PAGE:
1. table — The name of the table in question. Required. No default.
  2. format — One of table, list, form, count, or record. Optional. Defaults to table.
  3. ident — Used for the Record format. Optional. No default.
  4. search — Whether to display a search form for the Table format. Optional. Defaults to false.

Do note that if a table is not accessible to the browsing user then nothing will be displayed. Keep in mind that you can grant access to non-logged-in users to view tables if you wish (via the Grants page in the Admin Area).

When pasting example shortcode syntax from this page into the visual editor in WordPress, be sure to use the ‘paste as text’ toolbar button: paste-as-text (otherwise, you will get an error such as “The ‘table’ attribute must be set” even though it looks like you’ve set that attribute). If you are using the text editor, this problem shouldn’t arise.

Table format

Example: [tabulate table=widgets search=yes]

The table format displays an HTML-table displaying all records from the Tabulate-table specified.

The displayed data will be paginated if there are more than a certain number of records, and the user will be able to page through the data.

If the additional parameter search is provided (and given any value at all; yes is just a convention) then a record-filtering form will be displayed.

List format

Example: [tabulate format=list table=widgets]

The list format displays a comma-separated list of all of the titles of the records from the table specified.

Form format

Example: [tabulate format=form table=widgets]

The form format displays a data-entry form to users who have been granted access to create records in the specified table.

The form operates exactly the same as the form in the Admin Area, except that after submission the user is sent back to a blank form in readiness for the next data-entry (rather than shown their saved data). A message such as “Record saved.” is displayed after submission.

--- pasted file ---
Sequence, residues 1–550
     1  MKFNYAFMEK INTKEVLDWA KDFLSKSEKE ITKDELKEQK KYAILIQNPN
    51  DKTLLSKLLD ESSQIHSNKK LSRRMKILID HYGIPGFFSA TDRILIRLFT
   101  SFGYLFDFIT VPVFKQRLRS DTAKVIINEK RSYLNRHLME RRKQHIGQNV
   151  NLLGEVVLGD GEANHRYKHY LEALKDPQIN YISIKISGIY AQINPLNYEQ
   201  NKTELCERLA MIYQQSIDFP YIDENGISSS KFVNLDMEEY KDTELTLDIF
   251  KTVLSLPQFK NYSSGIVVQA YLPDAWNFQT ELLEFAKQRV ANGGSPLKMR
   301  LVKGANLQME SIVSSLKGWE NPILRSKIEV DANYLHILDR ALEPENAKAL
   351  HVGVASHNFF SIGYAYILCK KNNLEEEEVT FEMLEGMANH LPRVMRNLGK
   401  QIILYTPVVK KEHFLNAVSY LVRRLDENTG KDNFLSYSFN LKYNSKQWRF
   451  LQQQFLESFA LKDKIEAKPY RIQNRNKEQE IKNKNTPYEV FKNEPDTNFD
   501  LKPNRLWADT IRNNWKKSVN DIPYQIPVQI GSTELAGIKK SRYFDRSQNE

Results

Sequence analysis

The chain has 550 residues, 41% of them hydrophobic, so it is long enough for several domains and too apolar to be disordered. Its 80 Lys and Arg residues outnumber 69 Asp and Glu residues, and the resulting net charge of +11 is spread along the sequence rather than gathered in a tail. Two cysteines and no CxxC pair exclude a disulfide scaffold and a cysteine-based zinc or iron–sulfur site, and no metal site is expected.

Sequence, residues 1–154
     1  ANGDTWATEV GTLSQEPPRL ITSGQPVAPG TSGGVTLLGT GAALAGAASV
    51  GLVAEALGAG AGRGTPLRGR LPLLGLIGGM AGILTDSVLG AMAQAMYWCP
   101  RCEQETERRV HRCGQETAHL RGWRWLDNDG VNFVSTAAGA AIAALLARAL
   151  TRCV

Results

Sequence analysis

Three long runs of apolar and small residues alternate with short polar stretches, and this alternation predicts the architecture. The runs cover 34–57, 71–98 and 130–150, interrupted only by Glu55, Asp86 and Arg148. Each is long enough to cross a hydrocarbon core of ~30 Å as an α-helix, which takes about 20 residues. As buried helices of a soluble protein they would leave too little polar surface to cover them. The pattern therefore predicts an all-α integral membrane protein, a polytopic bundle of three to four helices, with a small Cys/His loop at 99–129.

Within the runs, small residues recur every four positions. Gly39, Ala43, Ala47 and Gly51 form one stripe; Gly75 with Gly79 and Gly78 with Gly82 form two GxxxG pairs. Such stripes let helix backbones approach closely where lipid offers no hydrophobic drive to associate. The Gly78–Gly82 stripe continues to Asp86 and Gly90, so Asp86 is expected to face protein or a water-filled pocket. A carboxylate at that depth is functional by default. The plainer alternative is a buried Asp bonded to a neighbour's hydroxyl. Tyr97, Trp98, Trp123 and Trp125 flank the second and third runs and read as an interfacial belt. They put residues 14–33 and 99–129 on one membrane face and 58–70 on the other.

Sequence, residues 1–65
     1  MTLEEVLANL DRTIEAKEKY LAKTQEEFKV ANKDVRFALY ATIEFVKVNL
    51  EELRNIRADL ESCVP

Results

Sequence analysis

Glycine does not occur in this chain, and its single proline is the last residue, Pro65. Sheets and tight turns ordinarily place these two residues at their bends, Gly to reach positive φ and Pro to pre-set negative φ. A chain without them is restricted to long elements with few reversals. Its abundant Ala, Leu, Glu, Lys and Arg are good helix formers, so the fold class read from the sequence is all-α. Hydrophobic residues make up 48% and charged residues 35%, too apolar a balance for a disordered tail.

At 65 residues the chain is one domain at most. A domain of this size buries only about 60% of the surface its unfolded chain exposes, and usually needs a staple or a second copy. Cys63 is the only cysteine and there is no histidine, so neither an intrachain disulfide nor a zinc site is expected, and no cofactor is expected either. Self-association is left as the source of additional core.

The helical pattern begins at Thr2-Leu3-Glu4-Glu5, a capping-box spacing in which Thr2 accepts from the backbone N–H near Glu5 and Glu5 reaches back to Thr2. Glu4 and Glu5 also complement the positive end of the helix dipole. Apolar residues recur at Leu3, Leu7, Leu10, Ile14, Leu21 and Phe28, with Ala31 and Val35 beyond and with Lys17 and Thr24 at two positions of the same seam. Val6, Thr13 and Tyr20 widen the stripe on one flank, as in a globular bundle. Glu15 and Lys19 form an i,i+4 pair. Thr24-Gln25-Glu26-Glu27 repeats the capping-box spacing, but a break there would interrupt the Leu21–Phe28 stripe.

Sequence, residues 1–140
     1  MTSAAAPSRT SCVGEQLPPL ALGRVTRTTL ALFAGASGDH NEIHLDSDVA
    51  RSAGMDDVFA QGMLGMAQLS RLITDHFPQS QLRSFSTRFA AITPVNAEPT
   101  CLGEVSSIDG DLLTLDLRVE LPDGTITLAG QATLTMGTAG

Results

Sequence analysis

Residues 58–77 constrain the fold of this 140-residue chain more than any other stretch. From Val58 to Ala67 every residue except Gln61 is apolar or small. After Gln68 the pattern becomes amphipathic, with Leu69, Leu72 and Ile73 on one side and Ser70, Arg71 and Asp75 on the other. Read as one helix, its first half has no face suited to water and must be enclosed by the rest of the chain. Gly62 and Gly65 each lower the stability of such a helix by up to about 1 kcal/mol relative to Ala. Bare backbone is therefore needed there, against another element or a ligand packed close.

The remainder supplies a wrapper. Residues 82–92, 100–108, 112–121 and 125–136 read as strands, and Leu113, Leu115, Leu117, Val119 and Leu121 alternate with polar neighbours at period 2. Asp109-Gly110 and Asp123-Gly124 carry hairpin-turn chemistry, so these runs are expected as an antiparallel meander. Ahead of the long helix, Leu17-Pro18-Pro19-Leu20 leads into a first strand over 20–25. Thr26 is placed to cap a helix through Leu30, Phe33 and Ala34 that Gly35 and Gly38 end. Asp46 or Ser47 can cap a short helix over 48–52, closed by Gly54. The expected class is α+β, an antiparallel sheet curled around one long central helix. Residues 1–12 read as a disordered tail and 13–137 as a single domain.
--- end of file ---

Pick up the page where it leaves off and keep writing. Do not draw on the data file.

Count format

Example: There are [tabulate format=count table=widgets] Widgets in our catalogue.

The count format displays a simple integer count of the records in the given table.

This usage of the shortcode can be used inline within a sentence.

Record format

Example: [tabulate format=form table=widgets ident=45]

The record format displays a single record from a table.

To specify which record to display, either provide the ident shortcode parameter, or set a URL parameter equal to the name of the table. For example, [tabulate table=widgets format=record] will look for ?widgets=45 and display the record with a primary key value of 45.

Frequenly Asked Questions

Where is the documentation?

Tabulate documentation is hosted on Read The Docs at

Where should issues be reported?

Please log all bugs, feature requests, and other issues in the GitHub issue tracker at

What modifications does Tabulate make to the database?

Two database tables are created, and one option, all prefixed with tabulate_. When Tabulate is uninstalled, all of these are deleted (but custom tables are not touched).

Is row-level access control possible?

This should be done by creating a view (of one or more tables) and granting access to that.

What reasons exist for the ‘Unable to create temporary export file’ error?

If you are getting an error like “Unable to create temporary export file: C:\Windows\Temp\tabulate_5593a4c432a67.csv” or “Unable to create temporary export file: /tmp/tabulate_5593a4c432a67.csv” then you should firstly turn on debug mode and re-run the export to see if you get more information in the error message, and then:

  1. check that your database user has the FILE privilege.

  2. make sure your MySQL server user has write-access to the directory to which the CSV files are written, and your web server user has read access to the same directory.

  3. If those don’t work, you can change WordPress’s temporary-files’ directory by creating the wp-content/tmp/ directory and adding the following to your wp-config.php:

    define( 'WP_TEMP_DIR', ABSPATH . 'wp-content/tmp/' );
MySQL’s secure_file_priv variable

Note that the MySQL server may be running with the secure_file_priv variable (you can check this with SHOW VARIABLES LIKE "secure_file_priv"), and in this case the web server also needs to be able to read files from that same directory. It is probably better to disable secure-file-priv (by setting it to an empty value) rather than setting it to a widely-readable directory (such as /tmp) because then you can control who can read the directories that are used by it.

This is a global variable that needs to be changed in MySQL’s server-configuration file; it cannot be set dynamically at runtime.

Where is the developers’ documentation?

For information about the development of Tabulate or integrating other plugins with it please see on GitHub.